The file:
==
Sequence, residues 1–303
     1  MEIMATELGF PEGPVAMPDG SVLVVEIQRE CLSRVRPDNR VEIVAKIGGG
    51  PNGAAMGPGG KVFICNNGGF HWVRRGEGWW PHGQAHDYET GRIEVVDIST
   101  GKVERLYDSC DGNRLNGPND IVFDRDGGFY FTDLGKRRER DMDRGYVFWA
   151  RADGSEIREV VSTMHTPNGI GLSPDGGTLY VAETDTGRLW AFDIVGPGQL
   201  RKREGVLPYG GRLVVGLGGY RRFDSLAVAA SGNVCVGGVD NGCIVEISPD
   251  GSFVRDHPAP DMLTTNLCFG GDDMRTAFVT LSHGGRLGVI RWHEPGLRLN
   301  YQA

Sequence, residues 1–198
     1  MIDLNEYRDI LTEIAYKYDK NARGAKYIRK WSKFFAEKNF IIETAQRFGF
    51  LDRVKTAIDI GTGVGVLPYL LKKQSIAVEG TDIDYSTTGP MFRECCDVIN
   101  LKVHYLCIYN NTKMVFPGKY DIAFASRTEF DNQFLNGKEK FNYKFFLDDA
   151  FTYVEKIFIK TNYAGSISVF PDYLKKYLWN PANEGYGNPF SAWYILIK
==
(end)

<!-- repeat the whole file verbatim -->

Sequence, residues 1–303
     1  MEIMATELGF PEGPVAMPDG SVLVVEIQRE CLSRVRPDNR VEIVAKIGGG
    51  PNGAAMGPGG KVFICNNGGF HWVRRGEGWW PHGQAHDYET GRIEVVDIST
   101  GKVERLYDSC DGNRLNGPND IVFDRDGGFY FTDLGKRRER DMDRGYVFWA
   151  RADGSEIREV VSTMHTPNGI GLSPDGGTLY VAETDTGRLW AFDIVGPGQL
   201  RKREGVLPYG GRLVVGLGGY RRFDSLAVAA SGNVCVGGVD NGCIVEISPD
   251  GSFVRDHPAP DMLTTNLCFG GDDMRTAFVT LSHGGRLGVI RWHEPGLRLN
   301  YQA

Sequence, residues 1–198
     1  MIDLNEYRDI LTEIAYKYDK NARGAKYIRK WSKFFAEKNF IIETAQRFGF
    51  LDRVKTAIDI GTGVGVLPYL LKKQSIAVEG TDIDYSTTGP MFRECCDVIN
   101  LKVHYLCIYN NTKMVFPGKY DIAFASRTEF DNQFLNGKEK FNYKFFLDDA
   151  FTYVEKIFIK TNYAGSISVF PDYLKKYLWN PANEGYGNPF SAWYILIK